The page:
Dakota Access Pipeline Protest Camps Deteriorating
The conditions where people are camping to protest the Dakota Access Pipeline are rapidly worsening, and activists could be facing a serious health crisis, according to the governor of North Dakota and the state health department.
A press release published by Governor Doug Burgum (R) said the US Army Corps of Engineers would be visiting the campsite that sits on federally owned lands “to assess the situation and determine what resources are needed to complete the environmental cleanup before potential major spring flooding arrives.”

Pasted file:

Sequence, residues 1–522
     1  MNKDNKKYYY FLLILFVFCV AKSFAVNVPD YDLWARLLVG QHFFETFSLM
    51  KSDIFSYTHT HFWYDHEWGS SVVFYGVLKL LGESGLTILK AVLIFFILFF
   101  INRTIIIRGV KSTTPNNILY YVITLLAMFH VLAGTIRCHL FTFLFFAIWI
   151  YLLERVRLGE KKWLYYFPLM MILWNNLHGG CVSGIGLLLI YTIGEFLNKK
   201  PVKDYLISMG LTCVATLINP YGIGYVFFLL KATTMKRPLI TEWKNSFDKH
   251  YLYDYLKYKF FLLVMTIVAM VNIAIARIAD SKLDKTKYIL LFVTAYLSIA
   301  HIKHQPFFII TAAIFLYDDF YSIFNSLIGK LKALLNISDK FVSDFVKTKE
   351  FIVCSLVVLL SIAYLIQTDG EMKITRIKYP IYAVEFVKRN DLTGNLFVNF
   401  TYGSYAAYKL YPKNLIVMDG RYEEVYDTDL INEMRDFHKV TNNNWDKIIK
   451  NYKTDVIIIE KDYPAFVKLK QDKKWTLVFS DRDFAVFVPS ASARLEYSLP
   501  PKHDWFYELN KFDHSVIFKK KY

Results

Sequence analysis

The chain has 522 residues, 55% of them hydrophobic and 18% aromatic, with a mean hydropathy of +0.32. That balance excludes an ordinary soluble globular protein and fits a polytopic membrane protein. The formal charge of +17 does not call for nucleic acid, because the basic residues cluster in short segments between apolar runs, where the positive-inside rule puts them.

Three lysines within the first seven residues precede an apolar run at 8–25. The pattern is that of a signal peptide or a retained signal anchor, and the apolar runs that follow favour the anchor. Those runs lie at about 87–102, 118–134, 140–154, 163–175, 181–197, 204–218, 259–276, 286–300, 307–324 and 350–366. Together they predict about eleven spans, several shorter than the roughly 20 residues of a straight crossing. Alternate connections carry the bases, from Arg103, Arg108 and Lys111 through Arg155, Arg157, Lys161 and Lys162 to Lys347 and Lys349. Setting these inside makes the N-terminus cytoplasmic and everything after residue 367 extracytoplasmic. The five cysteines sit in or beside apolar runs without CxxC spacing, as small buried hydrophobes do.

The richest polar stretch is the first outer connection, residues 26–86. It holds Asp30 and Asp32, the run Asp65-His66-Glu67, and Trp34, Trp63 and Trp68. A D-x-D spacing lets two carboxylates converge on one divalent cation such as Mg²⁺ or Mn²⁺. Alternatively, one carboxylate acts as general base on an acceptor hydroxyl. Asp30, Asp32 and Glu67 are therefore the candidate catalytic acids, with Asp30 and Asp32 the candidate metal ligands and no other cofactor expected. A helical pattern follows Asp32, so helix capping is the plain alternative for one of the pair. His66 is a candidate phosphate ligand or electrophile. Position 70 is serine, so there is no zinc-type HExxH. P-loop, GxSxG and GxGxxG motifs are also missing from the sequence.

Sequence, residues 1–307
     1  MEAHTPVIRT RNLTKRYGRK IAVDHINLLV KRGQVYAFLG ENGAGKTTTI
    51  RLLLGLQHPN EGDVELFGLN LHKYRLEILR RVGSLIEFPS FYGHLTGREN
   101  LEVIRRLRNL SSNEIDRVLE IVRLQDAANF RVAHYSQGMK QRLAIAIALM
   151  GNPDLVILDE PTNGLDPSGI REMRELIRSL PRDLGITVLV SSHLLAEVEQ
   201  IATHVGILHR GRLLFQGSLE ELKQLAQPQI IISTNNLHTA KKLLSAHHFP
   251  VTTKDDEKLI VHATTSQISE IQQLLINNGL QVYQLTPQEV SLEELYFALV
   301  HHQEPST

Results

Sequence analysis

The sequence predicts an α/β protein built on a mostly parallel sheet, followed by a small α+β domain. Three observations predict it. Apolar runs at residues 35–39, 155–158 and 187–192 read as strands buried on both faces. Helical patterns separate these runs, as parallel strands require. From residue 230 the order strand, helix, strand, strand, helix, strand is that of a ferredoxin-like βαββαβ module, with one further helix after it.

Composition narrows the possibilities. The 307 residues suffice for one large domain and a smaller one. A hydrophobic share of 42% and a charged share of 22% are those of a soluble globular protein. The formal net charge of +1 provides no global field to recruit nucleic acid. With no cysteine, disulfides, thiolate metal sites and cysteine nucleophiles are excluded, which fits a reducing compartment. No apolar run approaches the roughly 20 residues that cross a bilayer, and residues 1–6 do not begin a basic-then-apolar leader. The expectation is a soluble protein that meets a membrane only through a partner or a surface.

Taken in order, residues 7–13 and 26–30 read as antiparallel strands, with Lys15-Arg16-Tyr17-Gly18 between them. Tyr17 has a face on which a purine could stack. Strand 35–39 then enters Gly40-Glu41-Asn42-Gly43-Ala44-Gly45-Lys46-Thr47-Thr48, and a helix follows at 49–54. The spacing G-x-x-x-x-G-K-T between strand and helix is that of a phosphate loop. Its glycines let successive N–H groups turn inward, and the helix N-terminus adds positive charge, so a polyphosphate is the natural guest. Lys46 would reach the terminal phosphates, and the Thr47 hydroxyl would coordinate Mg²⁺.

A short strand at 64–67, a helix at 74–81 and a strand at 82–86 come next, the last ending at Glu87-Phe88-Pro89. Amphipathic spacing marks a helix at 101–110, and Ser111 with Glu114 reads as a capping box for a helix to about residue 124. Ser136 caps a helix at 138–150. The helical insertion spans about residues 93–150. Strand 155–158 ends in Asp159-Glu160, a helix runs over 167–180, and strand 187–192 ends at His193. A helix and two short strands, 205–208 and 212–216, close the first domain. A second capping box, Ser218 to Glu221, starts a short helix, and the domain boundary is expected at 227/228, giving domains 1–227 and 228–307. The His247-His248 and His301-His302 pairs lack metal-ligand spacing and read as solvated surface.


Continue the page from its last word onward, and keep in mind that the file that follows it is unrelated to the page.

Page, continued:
The crisis emerged when high temperatures led to melting snow on frozen ground, which could potentially submerge the camp because it rests on a floodplain. As a result, the governor called for federal assistance in cleaning up the campsite in the form of the Army Corps.
“Today’s assessment by the Army Corps of Engineers is crucial to accelerating the cleanup process, so this land can be properly cleared of garbage, structures, vehicles and human waste before it washes into the rivers,” Burgum said. “We cannot afford to wait any longer.”
A particular concern is of garbage and human waste flooding into the Cannonball River.
“If you’re really trying to protect the river, it is imperative we get that stuff cleaned up before we see a flood,” the governor said.
The protesters are attempting to block the building of an oil pipeline that would transport 450,000 barrels of crude oil under Lake Oahe, an important water source for the nearby Standing Rock Sioux tribe.